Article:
MICHAEL IS BACK, with three more pages for us to consider. His note follows, then the pages and comments from Ed.
Hi Ed. Here’s three more pages I can hang my hat on for your blog. Here’s some brief thoughts on these pages.
The two sports pages are a center spread. I had an abundance of stats on both teams, so I thought I’d represent them graphically. The football helmets come from a site I learned about on sportsdesigner.com
On the A1, CCU winning the Big South and hosting a playoff game was a huge deal, so I ran the silhouette photo huge. The postal stamp and “attention delivery” info present design challenges. Due to postal requirements, they must run at the top – no exceptions. I tried to use this to my advantage, reversing the “attention delivery” and camouflaging the stamp since it’s not essential for readers. I was the photographer, so I’m cool with that. Print quality wasn’t an issue. Even with the Frutiger fonts at 9.2, the reverses print clearly on our presses. Fire away!
1. I really like the graphics/numbers package. Gives me “instant information gratification.” Can you tell us all what application you used to create the graphics?
2. I don’t understand why you ran the package “flipped.” Seems to me it would have made more sense to the reader to put the jumps and graphics on the second page, with the lead story, etc., on the left-hand page. Perhaps you couldn’t control that but I wish this had been more of a “package” presentation.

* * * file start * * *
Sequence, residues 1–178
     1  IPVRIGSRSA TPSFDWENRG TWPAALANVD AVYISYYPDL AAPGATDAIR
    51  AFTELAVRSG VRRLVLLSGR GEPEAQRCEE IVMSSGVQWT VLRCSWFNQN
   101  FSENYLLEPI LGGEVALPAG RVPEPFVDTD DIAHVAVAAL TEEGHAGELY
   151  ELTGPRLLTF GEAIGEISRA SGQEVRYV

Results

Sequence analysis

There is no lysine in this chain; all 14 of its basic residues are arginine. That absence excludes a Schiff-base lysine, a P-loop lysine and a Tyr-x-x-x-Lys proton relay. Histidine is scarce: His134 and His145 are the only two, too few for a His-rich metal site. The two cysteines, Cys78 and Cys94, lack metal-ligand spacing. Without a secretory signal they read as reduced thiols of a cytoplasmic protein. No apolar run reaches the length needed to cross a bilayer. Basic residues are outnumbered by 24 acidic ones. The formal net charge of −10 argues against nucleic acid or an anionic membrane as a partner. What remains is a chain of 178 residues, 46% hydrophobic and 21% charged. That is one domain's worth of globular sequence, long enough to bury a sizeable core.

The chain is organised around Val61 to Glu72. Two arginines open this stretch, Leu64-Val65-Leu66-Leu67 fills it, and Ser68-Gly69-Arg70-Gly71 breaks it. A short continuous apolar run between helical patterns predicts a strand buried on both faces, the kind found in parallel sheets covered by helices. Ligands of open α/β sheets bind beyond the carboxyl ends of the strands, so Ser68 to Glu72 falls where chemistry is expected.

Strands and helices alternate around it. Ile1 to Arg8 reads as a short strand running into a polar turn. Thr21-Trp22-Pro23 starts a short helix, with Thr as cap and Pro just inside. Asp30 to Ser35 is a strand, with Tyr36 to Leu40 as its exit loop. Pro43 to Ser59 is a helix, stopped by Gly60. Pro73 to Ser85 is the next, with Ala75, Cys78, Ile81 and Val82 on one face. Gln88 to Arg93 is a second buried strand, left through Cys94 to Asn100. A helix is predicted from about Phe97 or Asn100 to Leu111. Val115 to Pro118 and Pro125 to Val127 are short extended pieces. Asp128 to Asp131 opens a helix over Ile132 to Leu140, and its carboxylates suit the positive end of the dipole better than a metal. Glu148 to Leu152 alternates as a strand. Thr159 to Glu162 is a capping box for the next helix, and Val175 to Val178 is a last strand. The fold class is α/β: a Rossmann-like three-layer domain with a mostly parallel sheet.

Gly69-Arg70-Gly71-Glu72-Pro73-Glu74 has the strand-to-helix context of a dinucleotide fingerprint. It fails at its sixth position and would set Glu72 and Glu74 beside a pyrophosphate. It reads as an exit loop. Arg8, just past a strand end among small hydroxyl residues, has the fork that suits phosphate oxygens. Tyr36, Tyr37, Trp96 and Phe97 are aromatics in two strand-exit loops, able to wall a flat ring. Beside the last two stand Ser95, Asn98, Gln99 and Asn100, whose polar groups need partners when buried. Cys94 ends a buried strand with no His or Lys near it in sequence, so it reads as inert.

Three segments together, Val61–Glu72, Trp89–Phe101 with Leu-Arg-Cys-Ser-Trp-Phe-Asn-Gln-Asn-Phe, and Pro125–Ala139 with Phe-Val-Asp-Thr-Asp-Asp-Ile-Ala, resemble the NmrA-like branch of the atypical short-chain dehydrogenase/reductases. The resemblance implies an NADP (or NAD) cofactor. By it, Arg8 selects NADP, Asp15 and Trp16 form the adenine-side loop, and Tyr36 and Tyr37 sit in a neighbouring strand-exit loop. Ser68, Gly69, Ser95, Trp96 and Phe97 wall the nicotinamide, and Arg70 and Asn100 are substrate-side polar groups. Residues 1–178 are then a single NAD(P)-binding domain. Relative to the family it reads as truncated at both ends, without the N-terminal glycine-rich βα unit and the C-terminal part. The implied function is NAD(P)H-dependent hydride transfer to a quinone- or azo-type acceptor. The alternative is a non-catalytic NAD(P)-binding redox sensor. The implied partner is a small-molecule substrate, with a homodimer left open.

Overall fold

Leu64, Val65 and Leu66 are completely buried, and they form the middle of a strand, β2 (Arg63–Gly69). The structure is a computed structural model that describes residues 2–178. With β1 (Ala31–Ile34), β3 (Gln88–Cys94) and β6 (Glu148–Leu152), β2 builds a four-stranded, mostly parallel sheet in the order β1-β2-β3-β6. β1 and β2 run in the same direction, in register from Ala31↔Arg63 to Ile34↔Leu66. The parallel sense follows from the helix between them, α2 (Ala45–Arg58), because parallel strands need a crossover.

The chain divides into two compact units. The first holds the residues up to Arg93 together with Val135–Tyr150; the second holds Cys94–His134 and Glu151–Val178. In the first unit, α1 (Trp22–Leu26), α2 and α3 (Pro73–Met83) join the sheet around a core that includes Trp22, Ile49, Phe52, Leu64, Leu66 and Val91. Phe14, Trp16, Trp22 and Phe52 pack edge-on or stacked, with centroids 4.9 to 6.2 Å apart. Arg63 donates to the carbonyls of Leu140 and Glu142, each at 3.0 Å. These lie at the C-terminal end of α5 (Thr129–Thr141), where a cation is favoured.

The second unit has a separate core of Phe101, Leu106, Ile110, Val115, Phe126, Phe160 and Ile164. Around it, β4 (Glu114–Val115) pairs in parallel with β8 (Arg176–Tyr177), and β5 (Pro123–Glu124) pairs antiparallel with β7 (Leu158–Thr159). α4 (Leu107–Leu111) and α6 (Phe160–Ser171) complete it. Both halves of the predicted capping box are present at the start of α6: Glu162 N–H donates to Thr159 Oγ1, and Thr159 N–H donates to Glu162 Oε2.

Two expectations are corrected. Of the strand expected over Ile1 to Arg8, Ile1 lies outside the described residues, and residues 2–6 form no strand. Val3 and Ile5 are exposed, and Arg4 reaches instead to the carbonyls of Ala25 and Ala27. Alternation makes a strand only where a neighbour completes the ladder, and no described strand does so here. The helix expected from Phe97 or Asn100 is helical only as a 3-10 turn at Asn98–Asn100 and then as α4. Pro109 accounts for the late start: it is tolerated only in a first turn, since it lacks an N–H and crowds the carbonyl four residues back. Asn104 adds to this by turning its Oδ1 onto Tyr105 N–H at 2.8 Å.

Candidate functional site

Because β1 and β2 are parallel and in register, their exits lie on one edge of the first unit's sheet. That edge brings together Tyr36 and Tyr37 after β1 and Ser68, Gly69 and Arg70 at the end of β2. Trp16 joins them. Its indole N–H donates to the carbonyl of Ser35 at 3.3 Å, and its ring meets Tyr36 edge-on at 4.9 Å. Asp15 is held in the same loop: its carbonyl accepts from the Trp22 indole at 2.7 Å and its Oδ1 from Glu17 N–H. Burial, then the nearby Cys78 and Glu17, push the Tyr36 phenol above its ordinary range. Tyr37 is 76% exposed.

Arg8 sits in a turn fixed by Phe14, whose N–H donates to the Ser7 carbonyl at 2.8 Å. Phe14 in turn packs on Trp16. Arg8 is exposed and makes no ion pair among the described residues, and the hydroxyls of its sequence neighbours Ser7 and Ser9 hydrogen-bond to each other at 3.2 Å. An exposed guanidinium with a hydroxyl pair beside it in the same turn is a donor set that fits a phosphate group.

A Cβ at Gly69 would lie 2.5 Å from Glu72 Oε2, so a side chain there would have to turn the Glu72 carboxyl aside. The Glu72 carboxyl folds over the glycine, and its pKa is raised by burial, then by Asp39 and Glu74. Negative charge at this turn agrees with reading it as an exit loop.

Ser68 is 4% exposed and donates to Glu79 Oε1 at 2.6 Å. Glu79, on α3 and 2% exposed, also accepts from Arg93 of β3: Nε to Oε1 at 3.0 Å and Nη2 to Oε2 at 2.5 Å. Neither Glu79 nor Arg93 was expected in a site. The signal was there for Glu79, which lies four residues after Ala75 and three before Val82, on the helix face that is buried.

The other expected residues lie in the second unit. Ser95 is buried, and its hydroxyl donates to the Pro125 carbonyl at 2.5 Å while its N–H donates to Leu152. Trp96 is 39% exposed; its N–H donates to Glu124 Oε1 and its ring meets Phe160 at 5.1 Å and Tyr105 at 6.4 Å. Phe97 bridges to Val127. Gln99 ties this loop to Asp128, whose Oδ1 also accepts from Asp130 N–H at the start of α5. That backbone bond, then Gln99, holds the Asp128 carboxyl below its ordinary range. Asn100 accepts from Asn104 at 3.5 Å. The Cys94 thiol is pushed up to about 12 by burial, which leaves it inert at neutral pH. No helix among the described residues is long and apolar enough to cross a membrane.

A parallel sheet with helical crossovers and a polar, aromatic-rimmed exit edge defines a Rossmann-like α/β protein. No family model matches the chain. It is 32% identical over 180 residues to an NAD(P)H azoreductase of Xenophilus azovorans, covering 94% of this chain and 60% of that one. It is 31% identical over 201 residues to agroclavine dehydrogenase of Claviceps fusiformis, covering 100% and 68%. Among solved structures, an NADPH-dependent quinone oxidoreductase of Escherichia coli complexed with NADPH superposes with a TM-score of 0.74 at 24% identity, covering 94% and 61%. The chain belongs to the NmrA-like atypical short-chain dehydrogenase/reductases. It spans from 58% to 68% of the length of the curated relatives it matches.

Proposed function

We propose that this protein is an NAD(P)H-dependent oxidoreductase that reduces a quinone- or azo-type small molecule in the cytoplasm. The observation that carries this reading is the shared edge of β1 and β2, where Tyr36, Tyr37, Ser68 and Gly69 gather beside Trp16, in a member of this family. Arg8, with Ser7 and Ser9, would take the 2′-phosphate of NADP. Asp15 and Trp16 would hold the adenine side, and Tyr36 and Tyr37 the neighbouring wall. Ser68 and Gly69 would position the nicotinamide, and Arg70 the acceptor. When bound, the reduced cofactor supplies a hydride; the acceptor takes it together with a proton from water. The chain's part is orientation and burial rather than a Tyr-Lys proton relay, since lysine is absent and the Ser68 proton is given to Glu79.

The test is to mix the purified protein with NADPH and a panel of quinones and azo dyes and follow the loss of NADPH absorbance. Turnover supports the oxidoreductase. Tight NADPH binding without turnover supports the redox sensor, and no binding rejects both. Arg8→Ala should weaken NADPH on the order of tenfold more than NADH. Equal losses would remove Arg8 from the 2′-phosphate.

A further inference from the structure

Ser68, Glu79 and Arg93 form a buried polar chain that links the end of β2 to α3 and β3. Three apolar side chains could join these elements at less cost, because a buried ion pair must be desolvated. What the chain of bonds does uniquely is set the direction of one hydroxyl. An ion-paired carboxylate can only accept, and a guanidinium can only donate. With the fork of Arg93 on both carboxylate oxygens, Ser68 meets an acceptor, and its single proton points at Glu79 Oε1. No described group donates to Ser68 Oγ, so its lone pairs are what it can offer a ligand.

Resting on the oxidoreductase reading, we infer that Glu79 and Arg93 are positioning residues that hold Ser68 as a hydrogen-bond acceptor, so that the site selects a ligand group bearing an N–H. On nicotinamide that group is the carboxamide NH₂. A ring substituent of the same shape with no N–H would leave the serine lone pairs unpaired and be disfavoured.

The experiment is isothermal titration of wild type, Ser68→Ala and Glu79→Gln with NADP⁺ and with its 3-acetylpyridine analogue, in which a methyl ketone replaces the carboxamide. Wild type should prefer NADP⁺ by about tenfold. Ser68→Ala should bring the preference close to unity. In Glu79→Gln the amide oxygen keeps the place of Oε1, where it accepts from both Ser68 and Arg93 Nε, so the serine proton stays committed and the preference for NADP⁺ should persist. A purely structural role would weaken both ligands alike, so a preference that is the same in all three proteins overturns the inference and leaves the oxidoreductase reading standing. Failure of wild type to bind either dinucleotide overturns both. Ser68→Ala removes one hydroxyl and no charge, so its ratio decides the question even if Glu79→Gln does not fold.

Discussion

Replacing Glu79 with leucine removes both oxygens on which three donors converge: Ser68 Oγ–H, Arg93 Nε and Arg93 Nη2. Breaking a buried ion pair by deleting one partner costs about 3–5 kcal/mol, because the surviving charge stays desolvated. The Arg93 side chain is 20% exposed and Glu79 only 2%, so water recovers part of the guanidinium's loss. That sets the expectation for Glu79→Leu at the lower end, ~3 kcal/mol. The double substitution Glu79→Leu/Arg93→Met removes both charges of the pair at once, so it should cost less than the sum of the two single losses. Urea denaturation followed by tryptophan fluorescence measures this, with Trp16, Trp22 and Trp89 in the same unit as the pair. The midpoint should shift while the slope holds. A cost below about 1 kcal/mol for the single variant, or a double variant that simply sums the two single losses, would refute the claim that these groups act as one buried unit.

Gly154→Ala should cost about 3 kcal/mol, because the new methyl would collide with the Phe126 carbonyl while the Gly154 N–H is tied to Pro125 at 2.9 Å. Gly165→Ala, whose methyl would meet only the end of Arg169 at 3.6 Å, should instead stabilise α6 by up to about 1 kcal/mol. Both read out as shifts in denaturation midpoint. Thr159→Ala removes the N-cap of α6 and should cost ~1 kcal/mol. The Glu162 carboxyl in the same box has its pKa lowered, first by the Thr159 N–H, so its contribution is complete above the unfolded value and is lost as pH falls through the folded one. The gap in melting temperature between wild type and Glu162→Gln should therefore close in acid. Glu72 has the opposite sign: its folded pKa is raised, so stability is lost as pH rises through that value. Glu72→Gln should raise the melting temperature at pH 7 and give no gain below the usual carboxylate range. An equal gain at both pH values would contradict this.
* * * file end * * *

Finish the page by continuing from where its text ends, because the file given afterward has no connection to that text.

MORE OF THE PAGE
3. Could you at least have run a section flag/page label that would have been similar design/depth across both pages? I’m struggling to see these pages as a package otherwise.
4. Like the lead headline a lot.
1. I like what you did with the lead photo…but wouldn’t want to overdo. This same technique was on one of your pages in last week’s submission. Now…let’s put it away until it’s really needed again…like in another year or so.
2. Good thinking on how to handle the postal stamp and other material there. For those of us focusing on the photo, we don’t really “see” that material. But for the mailman (and postmaster!), they’re where they need to be.
3. Have you considered decreasing the depth of the UPC code? Most of my clients can do well with a UPC that’s half the depth you have here.
So…this week Ed is pretty easy. What say the rest of you?